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Re: A scary awakening

Posted: 25 Mar 2017, 15:13
by dande48
Hi Tom,

Thank you so much for sharing. This is a wonderful place. I relate to much of what you said, from the TBM wife, to having to "come out" for the first time when extended a calling in the EQ Presidency. It's a lonely place to be in; not wanting to take away from the good, but not willing to lie.

There is still much good religion can offer. After arriving at my own conclusions, the next question I needed to ask myself is, "If it isn't true, does it matter?". There are many LDS who are inifinitely happier staying LDS, even if it isn't true, than to stop believing in it. StayLDS to me, means taking out what good I can, and ignoring the rest. To use the General Authority analogy, "The buffet approach".

Something that really helped me, was listening to the lecture from Alain De Botton, "Religion for Atheists" (https://www.youtube.com/watch?v=Br8m2S98HU4&t=1548s). It is based on the book he wrote by the same name. When he was doing his book tour, he decided to skip over "Utah", thinking it much too religious, and not having much market. To his suprise, Utah sold substancially more copies than any other state. I guess a lot more members struggle, than are openly willing to admit.

Re: A scary awakening

Posted: 25 Mar 2017, 17:44
by DarkJedi
Curt Sunshine wrote:
25 Mar 2017, 12:03
Being authentic is radically different than being totally open.

Being totally open almost always is a negative thing. Seriously, it causes much more heartache in nearly all settings than it helps. We bite our tongues in every conceivable situation. Doing so in church is no different, since, at the core, it's a matter of inter-personal relationships.
I tend to think of it this way. When my wife says "Does this dress make me look fat?" how do I answer? Hint: I tell her the truth, but there's no way I'm going to ever tell her she looks fat even if I think she does.

Re: A scary awakening

Posted: 26 Mar 2017, 06:24
by FaithfulSkeptic
Welcome! Your story sounds a lot like mine. I've been skeptical about a lot of what I've been taught growing up along the Wasatch Front, but never really allowed myself to really question things until recently (the last 5 years or so). I'm still actively attending, but I'm not very believing (mostly agnostic now) and I don't enjoy most things about being a member. I stay now primarily for my wife, although it's really eating me up inside. I have a lot of anger toward the corporate church and the damage it has caused to my own mental health and my family.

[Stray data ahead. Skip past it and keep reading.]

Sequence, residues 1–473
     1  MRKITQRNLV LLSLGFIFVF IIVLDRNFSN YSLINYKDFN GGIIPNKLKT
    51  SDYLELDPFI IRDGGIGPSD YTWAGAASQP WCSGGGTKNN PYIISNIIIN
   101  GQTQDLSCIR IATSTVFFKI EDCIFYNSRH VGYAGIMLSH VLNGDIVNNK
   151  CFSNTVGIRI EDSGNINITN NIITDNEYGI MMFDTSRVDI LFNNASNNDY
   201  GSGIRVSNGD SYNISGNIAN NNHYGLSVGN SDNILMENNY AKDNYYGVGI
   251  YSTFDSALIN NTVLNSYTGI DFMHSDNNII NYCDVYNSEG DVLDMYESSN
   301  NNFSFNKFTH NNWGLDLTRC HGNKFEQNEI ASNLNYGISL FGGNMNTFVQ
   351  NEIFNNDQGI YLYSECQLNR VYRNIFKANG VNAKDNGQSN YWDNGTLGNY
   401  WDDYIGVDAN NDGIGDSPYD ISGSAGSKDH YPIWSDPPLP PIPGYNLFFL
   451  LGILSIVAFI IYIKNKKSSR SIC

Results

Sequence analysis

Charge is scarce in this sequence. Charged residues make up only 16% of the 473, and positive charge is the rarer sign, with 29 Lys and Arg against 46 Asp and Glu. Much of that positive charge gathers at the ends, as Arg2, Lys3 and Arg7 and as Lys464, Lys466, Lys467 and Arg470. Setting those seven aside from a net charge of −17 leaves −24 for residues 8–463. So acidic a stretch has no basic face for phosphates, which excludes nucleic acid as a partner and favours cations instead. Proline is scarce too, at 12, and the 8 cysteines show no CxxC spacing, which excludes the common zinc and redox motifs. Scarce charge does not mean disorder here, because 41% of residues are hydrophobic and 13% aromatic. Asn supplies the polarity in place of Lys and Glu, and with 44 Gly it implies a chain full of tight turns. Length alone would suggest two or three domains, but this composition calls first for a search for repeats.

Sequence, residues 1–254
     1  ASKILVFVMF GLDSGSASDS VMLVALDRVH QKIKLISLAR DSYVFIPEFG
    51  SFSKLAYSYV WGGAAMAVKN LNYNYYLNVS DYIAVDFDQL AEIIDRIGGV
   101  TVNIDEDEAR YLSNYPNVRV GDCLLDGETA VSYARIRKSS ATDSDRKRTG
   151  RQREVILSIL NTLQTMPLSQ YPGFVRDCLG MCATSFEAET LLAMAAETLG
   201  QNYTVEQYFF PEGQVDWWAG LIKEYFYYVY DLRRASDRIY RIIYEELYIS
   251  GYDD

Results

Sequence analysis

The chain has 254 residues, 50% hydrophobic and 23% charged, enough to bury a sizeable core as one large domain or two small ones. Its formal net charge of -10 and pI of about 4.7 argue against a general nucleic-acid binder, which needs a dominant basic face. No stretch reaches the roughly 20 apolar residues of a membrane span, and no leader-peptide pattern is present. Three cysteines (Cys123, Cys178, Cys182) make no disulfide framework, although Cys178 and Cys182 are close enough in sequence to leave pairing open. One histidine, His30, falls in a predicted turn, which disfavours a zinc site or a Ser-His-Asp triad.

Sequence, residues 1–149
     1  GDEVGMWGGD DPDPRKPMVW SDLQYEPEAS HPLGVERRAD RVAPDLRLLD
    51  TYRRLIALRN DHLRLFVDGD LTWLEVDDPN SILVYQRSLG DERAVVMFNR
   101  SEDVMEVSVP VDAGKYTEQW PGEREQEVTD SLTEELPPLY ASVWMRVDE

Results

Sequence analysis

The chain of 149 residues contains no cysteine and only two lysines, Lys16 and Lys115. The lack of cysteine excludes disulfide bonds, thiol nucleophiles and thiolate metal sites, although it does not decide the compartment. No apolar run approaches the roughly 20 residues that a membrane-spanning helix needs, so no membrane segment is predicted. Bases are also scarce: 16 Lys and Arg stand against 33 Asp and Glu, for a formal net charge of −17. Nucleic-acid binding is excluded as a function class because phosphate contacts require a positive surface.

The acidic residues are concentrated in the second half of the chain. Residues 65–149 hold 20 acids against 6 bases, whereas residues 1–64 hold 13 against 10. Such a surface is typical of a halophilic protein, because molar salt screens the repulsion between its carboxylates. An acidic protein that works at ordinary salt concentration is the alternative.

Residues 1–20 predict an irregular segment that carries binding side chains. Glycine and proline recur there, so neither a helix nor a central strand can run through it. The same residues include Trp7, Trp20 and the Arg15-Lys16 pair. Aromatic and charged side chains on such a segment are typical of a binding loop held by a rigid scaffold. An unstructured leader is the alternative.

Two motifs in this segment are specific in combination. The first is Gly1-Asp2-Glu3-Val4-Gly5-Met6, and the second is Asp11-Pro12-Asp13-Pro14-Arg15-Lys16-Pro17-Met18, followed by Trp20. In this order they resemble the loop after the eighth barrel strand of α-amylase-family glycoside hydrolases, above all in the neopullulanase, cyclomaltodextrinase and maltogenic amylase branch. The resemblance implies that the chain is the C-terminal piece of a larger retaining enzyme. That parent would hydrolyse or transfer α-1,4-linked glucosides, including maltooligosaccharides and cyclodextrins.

I do still see a lot of good in the Church among the thorns, and I try to focus on that. I'm not sure what I know or believe anymore. Truth has always been a focus of mine, but it just isn't that important anymore. I've found it to be much more productive to focus on beauty and goodness instead.

Welcome again and I hope you will find this community to be helpful!

Re: A scary awakening

Posted: 27 Mar 2017, 06:24
by SunbeltRed
Welcome!

You're story sounds similar to mine. Cerebral, didn't really have much of a connection to God and Jesus, and I distinctly remember the moment I asked myself "What if it's not true"?

I don't post here much any longer but I found this space to be a lifeline in the early part of my faith transition. Lots of great folks on the board.

Re: A scary awakening

Posted: 27 Mar 2017, 10:58
by Heber13
Welcome DT. Thanks for sharing part of your story and your thoughts. It is good to meet you.

I echo dande...
dande48 wrote:
25 Mar 2017, 15:13
StayLDS to me, means taking out what good I can, and ignoring the rest. To use the General Authority analogy, "The buffet approach".
Do you do a lot of studying on your own, or do you use websites and podcasts and into many online forums? Just curious.